Slumlord to Pay Costs, Penalties of $216,000
A property owner often described by the Los Angeles city attorney’s office as the city’s “worst” slumlord has agreed to pay $100,000 in civil penalties, nearly $16,000 in investigative costs and more than $100,000 in relocation costs to his tenants.
The agreement signed by landlord Surya P. Gupta and Deputy City Atty. William C. Cullen was presented Wednesday to Los Angeles Superior Court Judge Robert Fainer. The judge scheduled a court session Monday to process all documents but indicated he would approve the settlement.
The agreement, in which Gupta admitted no wrongdoing, responsibility or liability for the condition of four run-down apartment complexes, ended his trial on contempt charges for failure to obey earlier court orders to repair his complex at 346 N. Vermont Ave. The trial, repeatedly postponed because of settlement discussions, had been scheduled to start Wednesday before Fainer.
The contempt charges were a sidelight of the city’s civil suit, also ended by the settlement, which sought civil penalties and permanent injunctions forcing Gupta to bring his properties into compliance with fire, health and building codes.
Under the agreement, Gupta is to pay $100,000 in civil penalties over the next two years, half to the City of Los Angeles and half to Los Angeles County.
He also will pay $60,000 by Monday and another $40,000 early next year to attorneys for nearly 50 tenants of his Vermont Avenue building. Attorney Barrett S. Litt said the money will be divided among tenants according to city laws providing $1,000 to $2,500 per household for relocation costs.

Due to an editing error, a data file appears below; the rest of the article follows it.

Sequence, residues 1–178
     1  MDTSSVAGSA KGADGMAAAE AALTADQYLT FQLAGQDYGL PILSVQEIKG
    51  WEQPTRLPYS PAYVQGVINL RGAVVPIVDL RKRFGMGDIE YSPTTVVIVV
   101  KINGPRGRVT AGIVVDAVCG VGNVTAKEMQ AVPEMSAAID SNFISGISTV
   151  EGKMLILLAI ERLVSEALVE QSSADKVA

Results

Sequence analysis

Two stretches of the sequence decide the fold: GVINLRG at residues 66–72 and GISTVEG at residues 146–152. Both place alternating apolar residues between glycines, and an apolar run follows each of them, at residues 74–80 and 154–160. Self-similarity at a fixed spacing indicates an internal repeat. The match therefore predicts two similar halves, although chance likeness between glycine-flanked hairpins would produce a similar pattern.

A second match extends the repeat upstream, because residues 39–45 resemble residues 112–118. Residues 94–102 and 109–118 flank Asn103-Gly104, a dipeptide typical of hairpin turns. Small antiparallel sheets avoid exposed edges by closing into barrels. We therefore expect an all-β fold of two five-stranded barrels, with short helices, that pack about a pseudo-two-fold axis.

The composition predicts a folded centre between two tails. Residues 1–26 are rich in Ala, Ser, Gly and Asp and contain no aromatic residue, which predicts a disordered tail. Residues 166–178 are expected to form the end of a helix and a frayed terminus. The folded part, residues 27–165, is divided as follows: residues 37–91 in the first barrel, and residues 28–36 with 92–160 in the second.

In return, the tenants will move out by Oct. 7.
Fainer stressed that the building is to remain vacant until Gupta or any new owner repairs it to conform to all applicable codes.
When two tenants voiced objections to the settlement because of the expense and difficulty in finding new homes, Fainer explained that all tenants may continue to pursue damage suits against Gupta. But the amount they are entitled to receive for relocation, he said, is set by law.
Gupta also agreed to pay a total of $5,550 in remaining relocation costs to six former tenants of his building at 1212-1218 N. Gower St.
He also will pay investigative costs, including $6,010 to the Los Angeles County Health Department, $6,287 to the Los Angeles Department of Building and Safety and $3,658 to the Los Angeles Fire Department.
The settlement also requires Gupta to hire a contractor to repair his building at 5226 Hollywood Blvd., sell his building at 2023-2023 3/4 Echo Park Ave. and to notify the city attorney’s office if he finds a buyer for the Vermont building. He also must provide the office with lists of residential properties he owns throughout California by Dec. 1 and again one year later.
Gupta’s Vermont Avenue building attracted widespread attention last year when tenants launched a rent strike after he refused to make court-ordered repairs. The nearly 50 families, who now have agreed to move out within a month, have been paying their own utility bills.
Gupta has estimated that the strike cost him more than $150,000 in rent. As part of the settlement, Gupta will drop his countersuits claiming the city wrongly deprived him of the use of his property.